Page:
Over the holidays, I got a chance to spend a day at home, with nothing to do other than build a large LEGO model of the Millennium Falcon. As I was building it, the details that were part of the build helped to bring back memories from books, movies, and games. Being able to manipulate elements that were previously only imagined was, for a Star Wars geek, very rewarding. It got me thinking though, what if I wasn’t attached to the object I was building in any way, and I just had to complete the steps to achieve a result? What if this was a task that had been assigned as so many are in schools everywhere. Jump the hoops, check the boxes, move on.

In this context, if the builder of the model didn’t know what the end result would be, the assignment would be much more difficult, as there would be no way to estimate how close one would be to a final result, or significant checkpoint. If this were a story, this would be akin to knowing what happens in the end – SPOILERS – and that wouldn’t really do. But stories do foreshadow events to allow people to see how things will fit together. During the build of The Falcon, this foreshadowing was there when each stage showed what it would look like when it was completed.

Part of this foreshadowing included holes. Gaps in the model or story where you knew things were going to go/happen, but where the details are not revealed. A simple model or story would have few if any holes, but a more complex story would have these arranged in such a manner that they would contribute to the overall experience. Sometimes these holes are for small details that may not have an impact overall, but that enrich some element for those who would care to look further. Details like chairs that can only be seen when the model is open; a state that it would likely rarely be in once completed.

Beyond the foreshadowing that helps a story, and a build move along, I noticed there was another important element. There needed to be some way to manage the tedium associated with the basic building blocks. Elements that repeat with little if any variation are important, but can so easily be lumped together at the start of the process and labeled as “basics”. In a classroom, these could be those rote skills like spelling or multiplication; in a build, they could be exterior panels. During the build of The Falcon, these “boring” micro builds were spaced through the process and were always in context. I noticed this when I thought I knew more than I did and I built a number of similar pieces, only to find out that there were small, but significant differences that I had missed. The context was vital. Having an authentic context for classroom building blocks should work the same way. Spelling words properly is great, but outside of a sentence, that spelling may or may not be correct or appropriate. The build kept these elements in context and it helped, as you would assume, to tell the story of what is being created. This is different from other builds like IKEA, where subunits are often assembled out of context and then brought together to create a functional whole, but not after at least one subunit is installed backward, necessitating sometimes considerable rework, and breaking the flow.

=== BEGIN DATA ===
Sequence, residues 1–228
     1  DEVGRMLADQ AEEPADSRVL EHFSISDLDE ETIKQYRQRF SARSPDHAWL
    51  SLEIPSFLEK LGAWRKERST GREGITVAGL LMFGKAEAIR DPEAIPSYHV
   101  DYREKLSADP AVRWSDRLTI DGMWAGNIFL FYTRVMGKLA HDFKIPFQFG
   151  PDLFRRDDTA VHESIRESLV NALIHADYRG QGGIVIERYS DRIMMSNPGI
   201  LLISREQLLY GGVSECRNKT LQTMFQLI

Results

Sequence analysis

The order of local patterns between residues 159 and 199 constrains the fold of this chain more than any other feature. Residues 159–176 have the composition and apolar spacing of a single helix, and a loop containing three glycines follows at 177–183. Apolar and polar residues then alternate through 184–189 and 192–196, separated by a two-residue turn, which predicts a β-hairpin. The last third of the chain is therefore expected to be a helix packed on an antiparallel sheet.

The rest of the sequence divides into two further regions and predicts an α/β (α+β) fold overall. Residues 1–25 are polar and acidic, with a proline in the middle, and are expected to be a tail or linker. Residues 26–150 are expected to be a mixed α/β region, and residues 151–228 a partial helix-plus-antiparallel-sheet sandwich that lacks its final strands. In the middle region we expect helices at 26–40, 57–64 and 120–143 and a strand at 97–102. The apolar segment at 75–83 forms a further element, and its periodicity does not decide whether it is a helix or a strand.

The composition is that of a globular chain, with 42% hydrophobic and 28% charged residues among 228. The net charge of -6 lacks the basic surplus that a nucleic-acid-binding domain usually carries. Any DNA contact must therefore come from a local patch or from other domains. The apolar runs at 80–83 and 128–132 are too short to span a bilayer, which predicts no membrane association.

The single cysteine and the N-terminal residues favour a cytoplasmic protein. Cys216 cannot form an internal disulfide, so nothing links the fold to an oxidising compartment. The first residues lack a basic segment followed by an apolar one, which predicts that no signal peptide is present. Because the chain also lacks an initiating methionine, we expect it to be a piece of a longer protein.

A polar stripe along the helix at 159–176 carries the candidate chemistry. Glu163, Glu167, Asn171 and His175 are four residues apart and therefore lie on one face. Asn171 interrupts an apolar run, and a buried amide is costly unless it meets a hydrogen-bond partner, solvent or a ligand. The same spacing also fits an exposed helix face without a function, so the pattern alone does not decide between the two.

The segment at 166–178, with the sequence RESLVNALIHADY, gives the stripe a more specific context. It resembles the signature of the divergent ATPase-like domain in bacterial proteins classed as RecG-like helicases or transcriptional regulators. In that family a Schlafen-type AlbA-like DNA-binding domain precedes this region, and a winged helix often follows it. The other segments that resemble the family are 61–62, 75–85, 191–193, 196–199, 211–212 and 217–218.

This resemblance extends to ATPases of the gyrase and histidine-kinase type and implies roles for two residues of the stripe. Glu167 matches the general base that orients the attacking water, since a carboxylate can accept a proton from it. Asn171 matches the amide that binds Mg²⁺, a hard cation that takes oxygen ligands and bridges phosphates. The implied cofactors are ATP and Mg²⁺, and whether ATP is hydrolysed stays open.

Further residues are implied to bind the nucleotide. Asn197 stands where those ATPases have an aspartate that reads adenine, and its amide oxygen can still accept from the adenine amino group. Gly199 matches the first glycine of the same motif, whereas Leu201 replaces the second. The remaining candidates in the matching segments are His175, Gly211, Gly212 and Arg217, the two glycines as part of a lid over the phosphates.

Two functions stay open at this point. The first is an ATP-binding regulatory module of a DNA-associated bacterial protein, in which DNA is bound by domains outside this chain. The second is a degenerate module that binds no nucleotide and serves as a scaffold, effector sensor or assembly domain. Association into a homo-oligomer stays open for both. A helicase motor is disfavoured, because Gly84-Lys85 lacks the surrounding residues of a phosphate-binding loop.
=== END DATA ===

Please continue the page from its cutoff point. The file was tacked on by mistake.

It’s really not hard to see how/why people describe both builds and stories as being layered. There are many similarities between the two processes, and when done well, they can be used to teach those involved complex ideas in a manner that is accessible and engaging.

Forward and Back

I’ll grab my soap box, and deep thought pose and with a deep breath… get going in this all annecdotal, unresearched or referenced mind dump.

In the news this week, there were two stories about local newspapers shuttering in Canada. The first is CBC Sunday Edition’s story on Moose Jaw losing it’s paper (podcast) and the second is from CANADALAND (podcast) – edit and Day Six (podcast). While these stories are similar and are only related enough to the point I want to make as to inspire this post, they point to the demise of what one could easily say is the most common form of storytelling that we have only lost in the past few years.

Newspapers, magazines, and letters used to be the way stories were told. The length of the story connoted some measure of quality. It used to (and some would say still does), cost a significant sum of blood and treasure to put together a story that fully and rationally explore an idea. Perhaps “back in the day” stories were better balanced to ensure that everyone would have some element of their voice heard. This lead to the idea that if it was in print, the story must be true.

But then as the cost of printing fell, voices started to separate. As more individuals could access the means to publish, the number of publications increased, and to be well read meant that one had to access more sources and those sources, to capture more people reduced the size of their stories. Quickly getting to the point of their argument.

Today we find ourselves in a sound bite and headline world, having slipped down a slippery slope. The co-efficient of friction and the slope continue to move in opposite directions to a point that wants to move stories in front of us so fast, that they are there and have had us react before we even know that we do through the use of managed newsfeeds and predictive algorithms.

These older stories used to have value because they provided insight about the past. Seemingly, it was the past that was the most important part about the art of storytelling – be it the news or epics about heroes. Now it seems that the value of a story is all about how close, and how amusingly it can get a glimpse about the future. So how do we get around this to use stories as a tool to teach when the very tool that we want to use is/has/or will change?

Is it worth trying to use an old tool in a new world?